Cost-related details for ‘disruption plan’ still pending

Industrial representatives emerged satisfied from a first round of talks held yesterday with a committee assembled to examine energy-cost issues facing the sector.

However, plenty of work lies ahead. Financial details concerning a “power disruption management” plan – whose implementation will enable energy cost savings for major-scale industry in exchange for shifting energy usage to off-peak hours whenever required by IPTO, the power grid operator – have yet to be finalized.

Also, the Syriza-led coalition government has yet to make any binding decisions on the “disruption management” plan.

The committee, to focus its efforts on this measure over the coming days and weeks, is expected to deliver a study on the plan to Production Reconstruction, Environment and Energy Minister Panagiotis Lafazanis by the end of this month.

Representatives from PPC, the Public Power Corporation; IPTO, the power grid operator; EVIKEN, the Association of Industrial Energy Consumers; as well as officials from the governing Syriza party, are taking part in the committee’s proceedings.

A detailed presentation of technical details and legal-framework matters was made during the committee’s first round of talks. The measure’s objectives were also discussed, as was a ministerial decision that was signed by the country’s previous administration, currently shelved and awaiting implementation.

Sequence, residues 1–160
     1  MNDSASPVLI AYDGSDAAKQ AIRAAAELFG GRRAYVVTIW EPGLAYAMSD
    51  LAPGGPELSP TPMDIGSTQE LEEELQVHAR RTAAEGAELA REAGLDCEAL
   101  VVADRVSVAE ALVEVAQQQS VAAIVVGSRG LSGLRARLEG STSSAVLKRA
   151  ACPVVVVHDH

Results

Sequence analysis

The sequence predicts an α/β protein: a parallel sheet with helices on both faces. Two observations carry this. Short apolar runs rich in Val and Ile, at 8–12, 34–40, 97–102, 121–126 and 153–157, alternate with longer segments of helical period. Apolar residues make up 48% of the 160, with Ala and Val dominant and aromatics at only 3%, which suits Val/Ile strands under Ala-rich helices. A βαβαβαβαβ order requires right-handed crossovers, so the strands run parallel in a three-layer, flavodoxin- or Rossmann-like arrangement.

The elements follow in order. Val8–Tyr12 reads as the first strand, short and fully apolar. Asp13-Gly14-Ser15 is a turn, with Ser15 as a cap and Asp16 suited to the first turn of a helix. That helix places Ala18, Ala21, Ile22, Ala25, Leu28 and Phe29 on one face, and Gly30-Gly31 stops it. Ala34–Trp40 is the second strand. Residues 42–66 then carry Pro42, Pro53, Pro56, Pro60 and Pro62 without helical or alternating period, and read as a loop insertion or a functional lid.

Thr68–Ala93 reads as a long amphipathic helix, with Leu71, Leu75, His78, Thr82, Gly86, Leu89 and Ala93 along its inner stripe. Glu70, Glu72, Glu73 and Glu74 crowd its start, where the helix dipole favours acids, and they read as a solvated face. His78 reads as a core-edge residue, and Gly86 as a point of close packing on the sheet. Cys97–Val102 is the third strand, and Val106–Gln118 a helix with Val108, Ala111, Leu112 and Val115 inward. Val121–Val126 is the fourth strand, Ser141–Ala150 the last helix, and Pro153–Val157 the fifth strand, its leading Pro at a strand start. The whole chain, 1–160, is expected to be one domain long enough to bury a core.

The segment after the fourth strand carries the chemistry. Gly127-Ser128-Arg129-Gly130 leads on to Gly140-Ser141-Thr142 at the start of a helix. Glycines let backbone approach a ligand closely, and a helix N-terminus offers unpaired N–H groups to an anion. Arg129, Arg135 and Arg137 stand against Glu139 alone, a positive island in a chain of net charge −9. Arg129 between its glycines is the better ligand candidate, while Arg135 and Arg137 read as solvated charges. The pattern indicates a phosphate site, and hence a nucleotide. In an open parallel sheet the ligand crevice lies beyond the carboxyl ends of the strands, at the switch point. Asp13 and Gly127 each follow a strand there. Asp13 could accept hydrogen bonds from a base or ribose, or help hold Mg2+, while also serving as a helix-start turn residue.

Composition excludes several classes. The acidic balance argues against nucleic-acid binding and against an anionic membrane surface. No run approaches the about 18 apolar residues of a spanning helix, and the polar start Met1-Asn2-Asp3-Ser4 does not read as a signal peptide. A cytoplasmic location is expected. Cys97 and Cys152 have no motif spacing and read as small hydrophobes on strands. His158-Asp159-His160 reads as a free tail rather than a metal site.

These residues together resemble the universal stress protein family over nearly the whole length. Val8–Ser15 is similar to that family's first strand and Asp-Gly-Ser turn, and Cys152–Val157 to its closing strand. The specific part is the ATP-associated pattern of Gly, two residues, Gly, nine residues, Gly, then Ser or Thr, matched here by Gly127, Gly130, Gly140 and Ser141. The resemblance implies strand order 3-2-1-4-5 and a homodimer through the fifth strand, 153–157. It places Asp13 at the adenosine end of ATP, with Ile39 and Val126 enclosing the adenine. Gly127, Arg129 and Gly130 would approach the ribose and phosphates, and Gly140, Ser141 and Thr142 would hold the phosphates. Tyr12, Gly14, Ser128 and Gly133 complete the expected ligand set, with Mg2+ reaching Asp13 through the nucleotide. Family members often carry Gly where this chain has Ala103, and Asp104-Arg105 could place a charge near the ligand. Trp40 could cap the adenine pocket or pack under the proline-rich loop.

Industrialists have already made their position clear and want the measure to be applied as soon as possible, in its present form. Industrial consumers fear that any revisions to the measure, already endorsed by the European Commission, may lead to complications, delays, even legal action.

As for the measure’s funding, the committee discussed various alternatives, including a proposal linked to emission-right revenues. However, no conclusions were reached during yesterday’s session.

PPC officials expressed no objections to the measure, on the condition that the power utility’s coffers are not affected.

Wider issues concerning problems faced by Greece’s industrial sector were also addressed by participants during yesterday’s meeting.